“Even in the wintertime, the patio is popular. Like tonight, we’ll have people sitting out there in those little lounge areas with fire pits going,” Tricie said on a late December day that didn’t get above about 45 degrees. “As long as it’s not windy and rainy — people love it.”
Part of the community
The family and community aspect is important to Tricie and her husband, Jan. They have four grown children, all of whom worked at the restaurant when they were growing up. And two of their sons, Daniel (the general manager) and Will (the assistant general manager) have gone back to work full time with their family in the years after finishing college. Daniel says with mom being mostly retired now, he doesn’t have any plans to leave the business. He says working for his family has been great.
“(My mom and I have) always had a good relationship, and we worked together for a long time,” Daniel said. “I came up doing some different stuff through the restaurant, and then we were managing together for several years. It’s nice working for the family.”
Along the lines of a family atmosphere, Tricie said they have some staffers who are not related by blood who have stayed with the restaurant since it opened nearly 14 years ago.
Caring about the community is another big priority for the Scholers and their restaurant. They regularly hold charity events and fundraisers there — just a couple of months ago, the restaurant hosted “A Night Out for Drew,” a fundraiser for the Drew Passmore BattleWon Foundation, which was created to give area high school students resources they might need for education, athletics and service opportunities. Drew Passmore had been an athlete at Augusta Christian when he tragically died in March after a vehicle wreck.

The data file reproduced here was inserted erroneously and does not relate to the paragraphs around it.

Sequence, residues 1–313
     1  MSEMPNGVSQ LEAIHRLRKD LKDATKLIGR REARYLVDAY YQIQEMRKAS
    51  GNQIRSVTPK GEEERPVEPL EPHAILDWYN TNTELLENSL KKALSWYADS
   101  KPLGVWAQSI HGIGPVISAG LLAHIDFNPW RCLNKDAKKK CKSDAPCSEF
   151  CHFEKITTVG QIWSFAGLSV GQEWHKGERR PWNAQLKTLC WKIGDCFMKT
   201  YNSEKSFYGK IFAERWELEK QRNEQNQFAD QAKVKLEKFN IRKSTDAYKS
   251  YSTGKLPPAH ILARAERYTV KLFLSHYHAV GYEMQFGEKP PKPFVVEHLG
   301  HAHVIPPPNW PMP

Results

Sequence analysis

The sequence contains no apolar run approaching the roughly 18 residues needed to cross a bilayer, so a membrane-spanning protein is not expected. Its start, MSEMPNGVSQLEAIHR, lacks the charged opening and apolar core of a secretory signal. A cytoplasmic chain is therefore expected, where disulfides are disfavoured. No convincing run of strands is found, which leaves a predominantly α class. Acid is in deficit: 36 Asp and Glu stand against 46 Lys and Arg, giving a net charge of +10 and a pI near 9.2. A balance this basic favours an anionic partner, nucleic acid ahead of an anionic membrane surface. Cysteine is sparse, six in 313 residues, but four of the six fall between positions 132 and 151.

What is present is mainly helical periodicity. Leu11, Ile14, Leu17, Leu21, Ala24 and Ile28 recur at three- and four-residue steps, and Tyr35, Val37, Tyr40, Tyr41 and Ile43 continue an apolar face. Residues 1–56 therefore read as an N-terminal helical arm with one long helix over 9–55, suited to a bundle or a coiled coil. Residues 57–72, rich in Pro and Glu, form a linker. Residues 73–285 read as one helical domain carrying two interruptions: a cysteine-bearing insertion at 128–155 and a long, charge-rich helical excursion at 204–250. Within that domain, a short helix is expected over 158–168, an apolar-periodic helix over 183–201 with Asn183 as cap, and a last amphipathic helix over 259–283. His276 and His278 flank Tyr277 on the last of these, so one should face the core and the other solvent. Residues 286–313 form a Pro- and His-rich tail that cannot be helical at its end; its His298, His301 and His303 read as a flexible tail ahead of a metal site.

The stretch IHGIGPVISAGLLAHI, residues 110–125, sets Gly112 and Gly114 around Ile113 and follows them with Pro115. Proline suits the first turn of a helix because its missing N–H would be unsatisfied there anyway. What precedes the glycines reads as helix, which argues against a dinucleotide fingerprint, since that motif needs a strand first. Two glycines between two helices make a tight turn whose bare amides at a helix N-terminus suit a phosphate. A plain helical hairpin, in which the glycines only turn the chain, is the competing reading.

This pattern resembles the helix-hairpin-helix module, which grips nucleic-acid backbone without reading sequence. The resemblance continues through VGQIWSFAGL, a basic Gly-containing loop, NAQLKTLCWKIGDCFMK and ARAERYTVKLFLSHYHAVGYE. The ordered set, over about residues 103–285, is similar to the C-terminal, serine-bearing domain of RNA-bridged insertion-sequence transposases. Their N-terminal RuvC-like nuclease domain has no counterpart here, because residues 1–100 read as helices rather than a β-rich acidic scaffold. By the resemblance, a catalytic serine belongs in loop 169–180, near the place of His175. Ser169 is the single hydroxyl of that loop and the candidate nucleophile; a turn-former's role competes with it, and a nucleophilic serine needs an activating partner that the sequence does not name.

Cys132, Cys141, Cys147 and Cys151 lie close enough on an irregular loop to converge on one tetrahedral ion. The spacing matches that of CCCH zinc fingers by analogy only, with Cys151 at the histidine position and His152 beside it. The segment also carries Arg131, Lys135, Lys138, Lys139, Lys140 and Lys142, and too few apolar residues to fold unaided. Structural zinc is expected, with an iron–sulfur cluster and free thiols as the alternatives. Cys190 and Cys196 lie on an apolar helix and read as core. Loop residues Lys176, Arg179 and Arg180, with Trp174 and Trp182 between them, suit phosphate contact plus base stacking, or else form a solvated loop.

And the restaurant’s staff looked out for the community in another big way in December, by taking action that led to a man being arrested on a child molestation charge.
“We try to look out for folks; I don’t know if you read the news story recently where some of our servers noticed that there was a man with a young child and they were acting inappropriately,” Tricie said. “It was pointed out to them by other customers. … The girl was 13, and the man was 51. And they were out here making out in the middle of the restaurant. It’s the craziest thing. So (the staffers) followed him, took a license plate down, and the sheriff’s office was able to trace the man and arrest him. I was really proud of my staff.”
Stay for the live music
Music happens five nights a week at Wild Wing. On Wednesdays, Thursdays and Sundays, the restaurant tends to host acoustic acts, with bands hitting the stage around 9 in a corner near the bar, which features 23 beers on tap. Friday and Saturday nights are a little more rowdy, with full bands playing starting around 10. Tricie says they try to make sure families getting dinner have had their fill by the time music gets started, in case they want to get the little ones home before the music starts. And there’s never a cover to see a band play.
“It’s a fun family place during the day, and casual dining, but comfortable,” Tricie said. “Not so that you feel like you’re dirty. And then at night, we can sort of turn into a party venue. We’re always ready for a party here, of course.
“But we try not to make it too over the edge. You won’t see any strippers here… at least, not invited. We’ve had it happen on occasion, but it’s usually late night on Sunday. I don’t know why Sunday night,” she said with a laugh.
Wild Wing Cafe
3035 Washington Road
Open seven days a week, lunch and dinner